The probability of failure is then estimated as the joint event of having a life limiting damage and/or combination of damages on various components and/or zones  on the notion that given a SHM state and detection state are employed  not being detected and subsequently leading to failure. The theory accommodates various rates of occurrence for various damage types, location variability in terms of component zonal information as well as different monitoring schemes per zone and per damage type. Several approaches for estimating the probabilities of failure have also been implemented such as the metamodels (GKO) and limit state approximation (Most Probable Point – MPP) methods.
Key achievements:
• A detailed treatise of the SHM events – from the very simple to the most complex of sequences – has been formulated. It takes into account not only the signal characteristics and uncertainties but as well as damage tolerance thresholds, damage types, occurrence rates, and all other influences in SHM system’s performance. For the first time a mixedmode procedure has been defined to account for backup SHM contributions, and/or adjacent and alternative monitoring solutions and their effect in residual life estimation. The most simple detection event and the most complex are shown below along with the resulting expressions for the probability of not detecting a life limiting damage escaping the SHM system’s capabilities.
WP 2.5 – Maintenance
The Maintenance strategy will no longer follow a predefined schedule but will be continuously updated with information coming from the sensors. In this way, unnecessary inspection events will be avoided since the whole structure will be monitored by the SHM system. This unscheduled approach is expected to cause a significant elongation of the time between successive ground inspections, which will dramatically reduce maintenance costs. Conditional Probability of Failure (CPF) will be continuously updated by the information coming from the SHM system. Inspection interval will be computed having as constraint that the sensor  updated CPF must not exceed an upper bound.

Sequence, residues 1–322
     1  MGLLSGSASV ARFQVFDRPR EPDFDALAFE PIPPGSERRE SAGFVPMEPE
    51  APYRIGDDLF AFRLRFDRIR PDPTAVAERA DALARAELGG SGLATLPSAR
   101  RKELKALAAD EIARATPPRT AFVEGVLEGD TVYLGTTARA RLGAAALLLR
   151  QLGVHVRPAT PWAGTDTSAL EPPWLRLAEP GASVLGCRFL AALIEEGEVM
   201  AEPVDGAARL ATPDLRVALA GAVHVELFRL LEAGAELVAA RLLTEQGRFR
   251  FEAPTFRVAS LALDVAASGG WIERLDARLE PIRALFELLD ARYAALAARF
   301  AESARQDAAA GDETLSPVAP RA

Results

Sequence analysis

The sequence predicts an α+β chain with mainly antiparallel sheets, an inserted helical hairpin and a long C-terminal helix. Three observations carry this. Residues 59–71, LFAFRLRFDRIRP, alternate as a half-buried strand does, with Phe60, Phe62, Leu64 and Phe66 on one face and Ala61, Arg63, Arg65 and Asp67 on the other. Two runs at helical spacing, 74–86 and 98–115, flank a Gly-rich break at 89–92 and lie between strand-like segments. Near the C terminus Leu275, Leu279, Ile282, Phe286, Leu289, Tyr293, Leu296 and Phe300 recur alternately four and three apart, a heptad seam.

Work performed
The entire theoretical framework for implementing the maintenance approach has already been setup in the previous tasks. The tools for estimating the conditional probabilities of failure have been developed and linked to the monitoring and structural response platforms. In addition, the probabilities of failure based on updating of monitoring data and referral to actual damage sizes constitute the complete set of tools for devising a maintenance schedule based on changing probabilities of failure as they are estimated from data and structural response simulation nomographs or lookup tables. In addition, the thus far developed theory is additional complemented with the capability of taking into account the effect of replacing/repairing a number or all of the detected damages. The methodology for combining the diagnostic and prognostic methods developed, in devising a maintenance schedule
WP 3.1 – Platform specifications
The purpose of this work is to i) identify the nature of the elements that will be embedded inside the OSAS platform and ii) to plan their appropriate integration. A detailed flowchart of the interdependencies between the different modules will be created. It is very important to identify their input and output format in order to establish their connectivity. The outcome of this task will be used in integrating the OSAS platform (in WP2.3).
Work performed
The different modules composing the OSAS platform are depicted in the Figure 6 below. Initially, there is an EXTERNAL feeder module that pertains to a multilevel structural analysis and incorporates FEMs results at different levels of abstraction, including damage identification (type, location, etc.). This module has to provide the input for the OSAS platform analysis. The OSAS platform incorporates the following modules:
Metamodeling (used to obtain less complex but still accurate SHM signal patterns and structural models representations)
This module uses DoE and GKO to generate optimized probabilistic metamodels for the signal and/or structural response. It could generate any type of a Kriging model (Response Surfacelike model). The code has been developed in Matlab and generates graphical results as well as appropriate functional representations for the metamodels.
These metamodels are fed in both the Diagnostics and Prognostic modules  with the diagnostic and prognostic parameters defined  and used to calculate the probability of nondetecting an actual damage (future structural behaviour) that could lead to failure by using various modes of inspections as well as predicting the probability of failure under various conditions. In short,